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Tuesday, November 29, 2016

PLATO: Crito (The Obligation to Disobey Unjust Laws)

In last week’s reading Sophocles showed us why we sometimes have an obligation to disobey unjust laws. (Antigone, GB1)  Antigone chose to disobey a law she believed was unjust in order to obey a higher law.  This week we find Socrates arguing the opposite point of view in Plato’s dialog on Crito.  Socrates (via Plato) says we should normally obey the laws, even if we think some of them are unjust.  Of course there are crucial differences between Sophocles’ Antigone and Plato’s Socrates.  Antigone was a young woman; Socrates was an old man.  Not all young women think we should disobey laws we don’t like.  Not all old men think we should obey them anyway, even if many people think the conviction was unjust in the first place and even if we’re sentenced to death.  But Socrates thinks “it would scarcely be appropriate in a man of my age to be distressed if he now had to die.”  He’s not too concerned about getting the death penalty.  He says “If it so pleases the gods, let it be so.”  Not all old men are that wise or that calm in the face of death.  King Lear (GB5) is a good example.  Shakespeare shows his tragic downfall and by the end of the play Lear laments: “Pray, do not mock me: I am a very foolish fond old man, Fourscore and upward, not an hour more nor less; And, to deal plainly, I fear I am not in my perfect mind.”  There’s nothing wrong with Socrates’ mind.  Because of his long apprenticeship in philosophy he seems sharper at seventy than he was in his prime and Socrates ultimately decides to reject Crito’s advice to escape.  He decides to stay in prison and take his medicine (the hemlock poison which was the Greek form of capital punishment at that time).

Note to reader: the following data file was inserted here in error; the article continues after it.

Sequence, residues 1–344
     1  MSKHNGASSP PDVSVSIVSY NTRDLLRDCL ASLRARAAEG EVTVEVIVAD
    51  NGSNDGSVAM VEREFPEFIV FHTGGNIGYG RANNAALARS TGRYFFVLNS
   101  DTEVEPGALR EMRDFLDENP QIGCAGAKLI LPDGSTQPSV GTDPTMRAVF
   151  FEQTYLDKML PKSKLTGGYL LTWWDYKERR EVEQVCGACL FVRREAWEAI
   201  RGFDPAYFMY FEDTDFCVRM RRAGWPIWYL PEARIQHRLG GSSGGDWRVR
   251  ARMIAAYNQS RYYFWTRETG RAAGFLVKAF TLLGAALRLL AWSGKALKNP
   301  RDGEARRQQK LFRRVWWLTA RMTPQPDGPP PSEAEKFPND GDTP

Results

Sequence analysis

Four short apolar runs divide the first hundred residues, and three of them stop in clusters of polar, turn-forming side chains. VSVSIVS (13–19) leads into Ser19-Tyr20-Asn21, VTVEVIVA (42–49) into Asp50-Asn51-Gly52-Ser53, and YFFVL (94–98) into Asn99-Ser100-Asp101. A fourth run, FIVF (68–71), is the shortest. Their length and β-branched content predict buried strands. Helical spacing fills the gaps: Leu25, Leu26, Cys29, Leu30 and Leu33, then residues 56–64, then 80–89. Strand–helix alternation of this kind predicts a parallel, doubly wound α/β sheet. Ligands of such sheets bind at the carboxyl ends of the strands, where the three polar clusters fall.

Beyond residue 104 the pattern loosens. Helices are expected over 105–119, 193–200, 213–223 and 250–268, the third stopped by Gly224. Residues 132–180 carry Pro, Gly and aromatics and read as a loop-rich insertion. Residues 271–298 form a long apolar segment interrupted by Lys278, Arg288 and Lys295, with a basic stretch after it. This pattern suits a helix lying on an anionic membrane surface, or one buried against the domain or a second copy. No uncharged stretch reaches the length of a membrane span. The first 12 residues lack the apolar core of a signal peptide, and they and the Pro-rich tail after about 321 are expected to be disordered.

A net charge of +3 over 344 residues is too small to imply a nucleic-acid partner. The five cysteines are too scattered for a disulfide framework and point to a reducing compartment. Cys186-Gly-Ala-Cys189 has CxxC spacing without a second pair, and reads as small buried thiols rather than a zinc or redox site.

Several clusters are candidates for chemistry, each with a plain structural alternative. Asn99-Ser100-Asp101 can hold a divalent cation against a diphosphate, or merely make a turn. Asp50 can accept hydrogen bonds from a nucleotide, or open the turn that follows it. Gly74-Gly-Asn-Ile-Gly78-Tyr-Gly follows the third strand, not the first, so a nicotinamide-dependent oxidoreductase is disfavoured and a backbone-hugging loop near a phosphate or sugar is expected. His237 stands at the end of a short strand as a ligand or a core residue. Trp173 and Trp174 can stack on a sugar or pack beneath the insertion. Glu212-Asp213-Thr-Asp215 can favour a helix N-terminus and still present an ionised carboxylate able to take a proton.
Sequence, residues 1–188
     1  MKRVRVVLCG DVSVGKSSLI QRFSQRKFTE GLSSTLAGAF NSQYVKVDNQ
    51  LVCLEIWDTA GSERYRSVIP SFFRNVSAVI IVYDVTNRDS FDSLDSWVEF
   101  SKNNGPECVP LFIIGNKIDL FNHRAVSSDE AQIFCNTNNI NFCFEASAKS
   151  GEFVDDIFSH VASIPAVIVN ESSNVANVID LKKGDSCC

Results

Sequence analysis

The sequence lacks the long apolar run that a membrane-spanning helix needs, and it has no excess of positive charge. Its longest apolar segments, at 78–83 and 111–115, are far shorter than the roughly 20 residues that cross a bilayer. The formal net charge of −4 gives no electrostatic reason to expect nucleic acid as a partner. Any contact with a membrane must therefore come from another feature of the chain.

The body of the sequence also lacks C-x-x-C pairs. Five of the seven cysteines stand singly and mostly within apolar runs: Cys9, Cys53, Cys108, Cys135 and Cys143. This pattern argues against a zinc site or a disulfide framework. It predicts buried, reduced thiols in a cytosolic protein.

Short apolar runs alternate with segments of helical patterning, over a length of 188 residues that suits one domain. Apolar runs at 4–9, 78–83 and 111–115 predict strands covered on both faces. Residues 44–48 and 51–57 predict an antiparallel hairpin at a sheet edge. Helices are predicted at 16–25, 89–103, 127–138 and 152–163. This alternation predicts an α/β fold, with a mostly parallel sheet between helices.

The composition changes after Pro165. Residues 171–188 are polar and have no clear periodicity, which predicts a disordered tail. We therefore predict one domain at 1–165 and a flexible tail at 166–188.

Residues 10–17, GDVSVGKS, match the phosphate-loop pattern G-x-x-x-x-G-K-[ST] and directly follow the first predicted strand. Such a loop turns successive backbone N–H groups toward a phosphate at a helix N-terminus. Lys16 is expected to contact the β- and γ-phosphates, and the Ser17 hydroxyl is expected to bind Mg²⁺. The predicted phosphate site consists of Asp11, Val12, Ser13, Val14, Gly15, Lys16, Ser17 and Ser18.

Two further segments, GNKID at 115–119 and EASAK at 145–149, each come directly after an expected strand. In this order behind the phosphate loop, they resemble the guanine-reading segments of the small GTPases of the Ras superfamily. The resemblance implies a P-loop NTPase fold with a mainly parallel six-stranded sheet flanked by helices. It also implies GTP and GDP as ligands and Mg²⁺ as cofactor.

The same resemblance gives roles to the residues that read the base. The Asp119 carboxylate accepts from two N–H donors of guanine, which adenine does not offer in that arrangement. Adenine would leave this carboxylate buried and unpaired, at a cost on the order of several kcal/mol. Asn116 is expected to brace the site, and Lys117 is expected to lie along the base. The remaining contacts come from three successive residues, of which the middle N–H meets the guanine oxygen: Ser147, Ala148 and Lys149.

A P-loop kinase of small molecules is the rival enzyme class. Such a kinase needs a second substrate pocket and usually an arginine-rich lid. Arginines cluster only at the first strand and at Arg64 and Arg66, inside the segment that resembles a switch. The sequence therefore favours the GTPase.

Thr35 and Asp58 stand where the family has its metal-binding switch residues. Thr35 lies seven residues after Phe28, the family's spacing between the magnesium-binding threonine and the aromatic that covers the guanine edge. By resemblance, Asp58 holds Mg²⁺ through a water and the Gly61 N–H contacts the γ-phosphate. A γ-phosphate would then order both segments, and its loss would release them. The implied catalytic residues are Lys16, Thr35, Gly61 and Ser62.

Crito tries to persuade Socrates that it’s perfectly reasonable to disobey an unjust law and makes three good arguments for him to escape from prison.  He knows Socrates can’t be swayed by emotional pleas.  We’ve already seen that in Socrates’ trial in the Apology (GB1).  Only the truth will persuade Socrates.  So Crito points out three major obligations Socrates should consider.  Obligation 1: the obligation to one’s self.  Underneath Crito’s argument lies one foundational belief: the trial was a sham.  Everyone knows it, even those who voted to convict Socrates.  No one would be surprised if Socrates walked away from the injustice of a false conviction.  That way he could continue his philosophical speculations in the safety of, say, Thessaly.  Since that argument didn’t work Crito goes to plan B.  Obligation 2: your friends.  Rather than appealing to Socrates’ own self-interest Crito asks him to consider his friends.  Crito says, in effect, think about us: “People won’t believe that you refused to escape even though we were eager to help.”  The truth is, people will think that we abandoned you when we should have stood by you.  Antigone didn’t abandon her brother, even in death, and we don’t want people to think we abandoned you.  Socrates doesn’t buy this argument.  He replies: “Why should we be concerned about what people will think?  Those worth considering will believe that things happened as they did.”  Crito tries one more argument, kind of a philosophical Hail Mary attempt.  He tells Socrates “You betray yourself when you could be saved” and you won’t escape for the benefit of us, your friends so consider Obligation 3: your family: “… in addition, I think you’re betraying your sons… Either a man shouldn’t have children, or he should accept the burden of raising and educating them.”  Crito’s main point is this.  Socrates has put the interests of philosophy ahead of everything else; his family, his friends, his own best interests.  Crito is asking Socrates to consider being a little more pragmatic.  Don’t be so stubborn and dogmatic about abstract philosophical principles.  Compromise.  Live to fight another day.  By staying and facing execution you’re only justifying the actions of “the many” and you yourself said “they cannot make a man wise or foolish.  They only act at random.”  Why let a random act of violence stop your pursuit of wisdom?  Your obligation right now is to fight injustice by disobeying bad laws.


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